Biography of Andrew Jackson: President of the United States, Formerly Major General in the Army of the United States

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Clapp and Benton, 1832 - Presidents - 422 pages
 

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Page 402 - Legislature of the state in which the same shall be, for the erection of forts, magazines, arsenals, dock yards and other needful buildings.
Page 409 - It is to be regretted that the rich and powerful too often bend the acts of government to their selfish purposes.
Page 333 - In a country where offices are created solely for the benefit of the people, no one man has any more intrinsic right to official station than another. Offices were not established to give support to particular men, at the public expense. No individual wrong is therefore done by removal, since neither appointment to, nor continuance in, office is matter of right. The incumbent became an officer with a view to public benefits; and when these require his removal, they are not to be sacrificed to private...
Page 410 - Many of our rich men have not been, content with equal protection and equal benefits, but have besought us to make them richer by act of Congress. By attempting to gratify their desires we have in the results of our legislation arrayed section against section, interest against interest, and man against man, in a fearful commotion which threatens to shake the foundations of our Union.
Page 396 - ... of the people and the States can be considered as well settled. So far from this being the case on this subject, an argument against the bank might be based on precedent. One Congress, in 1791, decided in favor of a bank; another, in 1811, decided against it. One Congress, in 1815, decided against a bank; another, in 1816, decided in its favor. Prior to the present Congress, therefore, the precedents drawn from that source were equal. If we resort to the States, the expressions of legislative,...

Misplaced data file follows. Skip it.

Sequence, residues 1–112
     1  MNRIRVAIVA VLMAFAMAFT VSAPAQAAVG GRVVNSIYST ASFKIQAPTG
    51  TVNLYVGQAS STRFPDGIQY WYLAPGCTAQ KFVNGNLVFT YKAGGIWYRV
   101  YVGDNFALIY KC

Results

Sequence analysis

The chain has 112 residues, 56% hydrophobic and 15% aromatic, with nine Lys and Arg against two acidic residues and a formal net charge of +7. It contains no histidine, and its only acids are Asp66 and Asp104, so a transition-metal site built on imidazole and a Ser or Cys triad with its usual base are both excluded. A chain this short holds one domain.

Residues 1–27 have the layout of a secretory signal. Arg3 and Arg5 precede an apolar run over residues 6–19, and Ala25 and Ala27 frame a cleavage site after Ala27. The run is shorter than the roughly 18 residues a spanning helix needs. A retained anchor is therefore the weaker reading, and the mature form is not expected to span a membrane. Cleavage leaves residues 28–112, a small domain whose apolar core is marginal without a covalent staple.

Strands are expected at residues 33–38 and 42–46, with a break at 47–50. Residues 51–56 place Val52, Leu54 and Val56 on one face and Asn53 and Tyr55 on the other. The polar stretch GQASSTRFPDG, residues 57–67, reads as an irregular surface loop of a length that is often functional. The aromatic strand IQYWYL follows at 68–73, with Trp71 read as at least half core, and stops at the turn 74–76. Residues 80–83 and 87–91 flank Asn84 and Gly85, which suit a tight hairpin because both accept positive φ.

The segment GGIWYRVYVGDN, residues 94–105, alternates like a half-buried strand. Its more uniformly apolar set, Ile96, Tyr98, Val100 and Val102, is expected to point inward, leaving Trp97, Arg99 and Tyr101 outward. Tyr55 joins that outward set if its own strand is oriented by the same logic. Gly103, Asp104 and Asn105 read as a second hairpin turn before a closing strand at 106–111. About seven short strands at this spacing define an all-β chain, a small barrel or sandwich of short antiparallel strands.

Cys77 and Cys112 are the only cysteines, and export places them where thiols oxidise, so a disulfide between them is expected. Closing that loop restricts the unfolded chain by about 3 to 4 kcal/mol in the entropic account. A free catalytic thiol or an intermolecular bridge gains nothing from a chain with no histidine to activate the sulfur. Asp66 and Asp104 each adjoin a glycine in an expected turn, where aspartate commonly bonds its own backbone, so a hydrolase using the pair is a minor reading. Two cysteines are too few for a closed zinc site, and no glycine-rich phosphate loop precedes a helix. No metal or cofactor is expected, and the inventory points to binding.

Page 398 - But where the law is not prohibited, and is really calculated to effect any of the objects entrusted to the government, to undertake here to inquire into the degree of its necessity, would be to pass the line which circumscribes the judicial department, and to tread on legislative ground.
Page 317 - In such measures as I may be called on to pursue, in regard to the rights of the separate states, I hope to be animated by a proper respect for those sovereign members of our Union; taking care not to confound the powers they have reserved to themselves with those they have granted to the confederacy.
Page 354 - Both the constitutionality and the expediency of the law creating this bank are well questioned by a large portion of our fellow citizens; and it must be admitted by all, that it has failed in the great end of establishing a uniform and sound currency.
Page 332 - The mode may be so regulated as to preserve to each State its present relative weight in the election, and a failure in the first attempt may be provided for by confining the second to a choice between the two highest candidates. In connection with such an amendment it would seem advisable to limit the service of the Chief Magistrate to a single term of either four or six years.
Page 96 - Once I could animate my warriors to battle; but I cannot animate the dead. My warriors can no longer hear my voice: their bones are at Talladega, Tallushatchee, Emuckfaw and Tohopeka.

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